A lot of people have asked me why I would want to combine these two approaches within my work when they are so different. I embarked upon this journey out of necessity about 20 years ago when my first son was not babbling by age 1 or speaking at age 3. Despite us being a stable, loving, and educated family, he had no formal medical diagnosis but was granted an educational evaluation, for which the results qualified him for an Individual Education Plan (IEP) in the local public school district. However, they could not guarantee he would receive speech services, or any help at all. I could see how frustrating it was for him to not be able to speak, and I would have done anything to get him the help he needed. There were no ABA services in our area, and even if there were, our insurance would not have covered it.
We gave up his spot in the special education preschool program, and instead enrolled him into a Montessori school, and he was given a comprehensive, individualized, and caring education with no formalized education plan required – it was all built into the Montessori educational model, and his Guides went above and beyond my expectations. Within a few short weeks, my son began speaking, gained independence, and formed social connections after just a short time there.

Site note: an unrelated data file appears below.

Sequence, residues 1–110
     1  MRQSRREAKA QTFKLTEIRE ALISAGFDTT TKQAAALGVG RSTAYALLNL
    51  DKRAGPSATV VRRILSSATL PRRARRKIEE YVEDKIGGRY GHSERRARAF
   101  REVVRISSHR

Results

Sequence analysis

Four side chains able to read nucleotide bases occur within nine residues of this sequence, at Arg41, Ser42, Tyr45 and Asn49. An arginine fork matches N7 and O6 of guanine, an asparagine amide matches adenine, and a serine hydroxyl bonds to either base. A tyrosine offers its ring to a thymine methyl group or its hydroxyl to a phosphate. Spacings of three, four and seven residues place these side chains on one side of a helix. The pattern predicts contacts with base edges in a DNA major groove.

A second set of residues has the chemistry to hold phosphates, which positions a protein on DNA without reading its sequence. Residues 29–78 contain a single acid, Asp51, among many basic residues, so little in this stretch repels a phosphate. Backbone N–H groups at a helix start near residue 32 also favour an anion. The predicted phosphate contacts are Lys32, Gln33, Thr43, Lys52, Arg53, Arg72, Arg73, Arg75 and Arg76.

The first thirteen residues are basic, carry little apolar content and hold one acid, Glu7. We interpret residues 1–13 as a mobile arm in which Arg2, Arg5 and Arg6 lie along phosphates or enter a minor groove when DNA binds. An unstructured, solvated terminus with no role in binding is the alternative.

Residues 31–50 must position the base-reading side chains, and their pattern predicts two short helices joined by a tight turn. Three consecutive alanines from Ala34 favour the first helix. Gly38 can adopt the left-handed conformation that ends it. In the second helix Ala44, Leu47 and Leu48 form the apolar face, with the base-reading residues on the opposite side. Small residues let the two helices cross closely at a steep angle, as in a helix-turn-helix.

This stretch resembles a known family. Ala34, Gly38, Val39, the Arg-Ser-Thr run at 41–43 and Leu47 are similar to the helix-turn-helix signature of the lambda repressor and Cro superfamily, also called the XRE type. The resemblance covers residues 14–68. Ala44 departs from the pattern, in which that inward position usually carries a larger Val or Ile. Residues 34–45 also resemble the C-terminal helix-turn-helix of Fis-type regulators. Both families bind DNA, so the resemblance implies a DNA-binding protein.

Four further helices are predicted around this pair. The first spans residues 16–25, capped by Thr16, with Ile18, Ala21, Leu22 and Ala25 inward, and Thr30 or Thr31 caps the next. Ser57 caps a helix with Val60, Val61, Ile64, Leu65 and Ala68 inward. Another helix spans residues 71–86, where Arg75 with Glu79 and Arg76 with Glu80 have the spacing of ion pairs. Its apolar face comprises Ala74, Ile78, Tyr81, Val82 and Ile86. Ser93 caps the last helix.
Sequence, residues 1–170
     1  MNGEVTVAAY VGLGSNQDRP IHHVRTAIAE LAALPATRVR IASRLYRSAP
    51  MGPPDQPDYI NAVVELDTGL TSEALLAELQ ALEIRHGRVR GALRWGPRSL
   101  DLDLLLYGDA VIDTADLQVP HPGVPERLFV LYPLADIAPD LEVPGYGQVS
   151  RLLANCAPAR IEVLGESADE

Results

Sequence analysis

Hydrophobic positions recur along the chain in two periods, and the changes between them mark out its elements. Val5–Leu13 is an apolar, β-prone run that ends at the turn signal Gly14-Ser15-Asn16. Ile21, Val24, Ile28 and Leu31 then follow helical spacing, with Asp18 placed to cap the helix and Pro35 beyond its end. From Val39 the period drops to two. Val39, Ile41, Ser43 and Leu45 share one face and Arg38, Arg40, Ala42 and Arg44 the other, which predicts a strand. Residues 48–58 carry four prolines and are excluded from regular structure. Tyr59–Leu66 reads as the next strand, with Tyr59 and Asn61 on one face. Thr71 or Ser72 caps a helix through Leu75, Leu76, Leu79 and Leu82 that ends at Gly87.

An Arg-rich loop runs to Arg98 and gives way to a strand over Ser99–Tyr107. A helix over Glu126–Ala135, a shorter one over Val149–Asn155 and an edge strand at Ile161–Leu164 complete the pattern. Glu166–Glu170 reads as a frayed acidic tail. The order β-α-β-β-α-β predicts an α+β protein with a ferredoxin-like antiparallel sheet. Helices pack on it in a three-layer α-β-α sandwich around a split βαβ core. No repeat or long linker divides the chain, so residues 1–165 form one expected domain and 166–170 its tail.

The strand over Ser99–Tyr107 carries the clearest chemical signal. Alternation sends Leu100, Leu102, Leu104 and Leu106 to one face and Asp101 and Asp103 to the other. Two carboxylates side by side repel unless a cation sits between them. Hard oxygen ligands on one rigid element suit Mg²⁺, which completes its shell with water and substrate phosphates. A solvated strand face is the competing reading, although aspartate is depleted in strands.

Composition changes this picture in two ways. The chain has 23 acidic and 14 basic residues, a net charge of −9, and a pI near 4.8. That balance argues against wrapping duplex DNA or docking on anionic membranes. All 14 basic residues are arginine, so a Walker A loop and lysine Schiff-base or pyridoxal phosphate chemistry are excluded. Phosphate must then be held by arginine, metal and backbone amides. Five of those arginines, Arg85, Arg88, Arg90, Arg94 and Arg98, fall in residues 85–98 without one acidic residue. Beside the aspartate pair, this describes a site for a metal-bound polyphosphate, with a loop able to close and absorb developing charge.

Later, during my work as a Montessori assistant, I observed children as they arrived into Primary classrooms with no diagnostic labels but had obvious developmental delays, such as not speaking, similar to my own son. I saw how they progressed developmentally in many areas within a few months in their Montessori Environments, just as my son. It had reawakened my search for evidence-based and experimental research to confirm what I had seen. I began studying autism as it relates to Montessori education, and there were no formal papers written about it at the time. So, I enrolled in an education program at my local university, then a psychology degree program, still searching for scientific validation of this Montessori phenomena I had seen repeatedly.
Once I became a teacher, I saw the same thing year after year. Invariably, one or two children would arrive with developmental delays, and after months of observations and individualized classroom strategies, I would have the difficult talk with parents centered around developmental milestones: The Milestone Checklist is helpful for children ages 2 months to 5 years old. More parenting resources here: HealthyChildren.org – From the American Academy of Pediatrics
Just as we protect the children’s work as adults, my work is to protect your work as a Guide. My aim is to provide Montessori Guides, assistants, admin, and staff, with collaborative strategies, training, coaching, and 1:1 support within the overarching framework of Montessori – it’s already built in! I work from a strength-based model and I emphasize what you are doing right and build from there. Please reach out to me with your questions, comments, or concerns: calendly.com/tier3montessori
~ erin 🙂
Erin Lopez-Brooks, AMI, M.Ed., BCBA, IBA, LBA